FREEDOM AND SAFETY
This past year we’ve addressed some of history’s most important innovations in our Today in Technology blog and video series. Our focus is always on what we can learn from the past and apply to today’s issues.
Today we look back at more recent history – the past twelve months, to be exact. It was a momentous year for technology, with the phrase “Techlash” commonly used to refer not just to one but several issues which gave the public pause about the role of technology and the tech sector in people’s lives. As the calendar turns to 2019, we consider what the last year will likely mean to what will surely be an important New Year. Here’s our list of ten developments to think about.
When 2018 began, we knew it would be a big year for privacy. The European Union’s impending implementation of the General Data Protection Regulation, or GDPR, was enough to make that the case for every company with customers in Europe. Given the GDPR’s technical nature, it’s not surprising that 2019 begins with continuing work to interpret the regulation.
But 2018 also became an eventful privacy year elsewhere, and in some surprising ways. Most notably, a San Francisco real estate developer named Alastair Mactaggart spent more than $3 million of his own money to gather signatures to place a consumer privacy initiative on California’s November ballot. The campaign led to intense negotiations in Sacramento and the adoption of a new and sweeping California Consumer Privacy Act. It’s a welcome development that brings comprehensive privacy protection to one of every eight residents in the United States.
As we begin 2019, California’s new law has led even opponents who long resisted comprehensive privacy legislation in Washington, D.C. to discover something akin to new religion. Rather than face a patchwork of state rules, they’ve started lobbying Congress to adopt a privacy law that will preempt California’s law and other state measures. In effect, Mactaggart has succeeded where many others have failed, including those of us at Microsoft who’ve called for national privacy legislation since 2005. Look to the next few months for the spread of privacy legislation to several other state capitals, all of which will set the stage for an even bigger debate on Capitol Hill.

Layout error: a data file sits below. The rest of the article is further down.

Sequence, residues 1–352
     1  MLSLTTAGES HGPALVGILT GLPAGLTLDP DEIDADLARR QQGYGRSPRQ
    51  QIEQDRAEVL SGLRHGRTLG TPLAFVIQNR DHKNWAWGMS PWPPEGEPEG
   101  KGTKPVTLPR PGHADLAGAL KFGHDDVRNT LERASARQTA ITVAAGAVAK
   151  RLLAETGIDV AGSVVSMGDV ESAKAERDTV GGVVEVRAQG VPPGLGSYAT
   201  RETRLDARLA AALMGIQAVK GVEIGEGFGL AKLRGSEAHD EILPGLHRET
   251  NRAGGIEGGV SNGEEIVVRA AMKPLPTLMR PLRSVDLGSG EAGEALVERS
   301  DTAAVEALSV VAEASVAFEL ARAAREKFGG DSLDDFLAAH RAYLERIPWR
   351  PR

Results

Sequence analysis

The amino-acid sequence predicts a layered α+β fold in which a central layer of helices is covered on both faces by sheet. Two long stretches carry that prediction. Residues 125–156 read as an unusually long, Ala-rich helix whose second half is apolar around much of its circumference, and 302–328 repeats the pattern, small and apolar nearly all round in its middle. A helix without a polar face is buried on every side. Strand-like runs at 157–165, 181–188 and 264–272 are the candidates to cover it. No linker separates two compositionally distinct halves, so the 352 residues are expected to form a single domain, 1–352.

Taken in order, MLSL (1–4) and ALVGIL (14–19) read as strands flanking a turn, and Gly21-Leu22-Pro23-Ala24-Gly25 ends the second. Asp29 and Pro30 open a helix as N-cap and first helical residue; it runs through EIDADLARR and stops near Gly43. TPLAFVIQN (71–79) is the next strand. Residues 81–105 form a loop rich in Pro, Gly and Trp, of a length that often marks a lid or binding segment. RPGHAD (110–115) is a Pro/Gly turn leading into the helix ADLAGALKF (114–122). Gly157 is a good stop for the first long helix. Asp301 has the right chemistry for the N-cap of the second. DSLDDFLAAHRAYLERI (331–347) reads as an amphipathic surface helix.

In Europe itself, the New Year begins with important questions in Brussels about privacy’s future. The continent gave birth to the requirement that companies provide notice and consent before obtaining and using people’s information. In an era of ubiquitous privacy notices, officials question whether privacy law should go farther and regulate even more directly how consumer information can be used.
Ultimately, privacy is a priority that technology can do more to help advance as well. With the issue itself continuing to spread around the world, look for more tech companies to invest in privacy-related innovation. At Microsoft, this now includes a broad range from additional privacy user controls to next-generation AI techniques to train algorithms while data remains encrypted.
Last year brought a sea change in the U.S. and Europe to our understanding of the impact of nation-state disinformation campaigns on major social media platforms. December brought the most definitive assessment yet, with a report sponsored by the Senate Intelligence Committee using data provided under subpoena by the major platforms. Among other things, it showed that between 2015 and 2017, more than 30 million users shared state-sponsored Facebook and Instagram posts with their family and friends, liking, reacting to, and commenting on them along the way.
The big question now is what will be done to address the problem. The old year ended with new action in Brussels to protect upcoming elections for the European Parliament, including an industry code and rapid response plans. The major social media platforms have started implementing new protections more broadly, and other important voluntary initiatives like NewsGuard have emerged.